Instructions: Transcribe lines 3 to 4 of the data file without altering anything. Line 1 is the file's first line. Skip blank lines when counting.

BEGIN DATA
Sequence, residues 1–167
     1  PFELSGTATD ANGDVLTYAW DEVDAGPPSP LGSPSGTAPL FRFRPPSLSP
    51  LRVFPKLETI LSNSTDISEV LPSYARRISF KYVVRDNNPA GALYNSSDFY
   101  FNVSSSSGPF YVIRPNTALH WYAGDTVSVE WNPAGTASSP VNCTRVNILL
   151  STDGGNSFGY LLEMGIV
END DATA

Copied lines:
    51  LRVFPKLETI LSNSTDISEV LPSYARRISF KYVVRDNNPA GALYNSSDFY
   101  FNVSSSSGPF YVIRPNTALH WYAGDTVSVE WNPAGTASSP VNCTRVNILL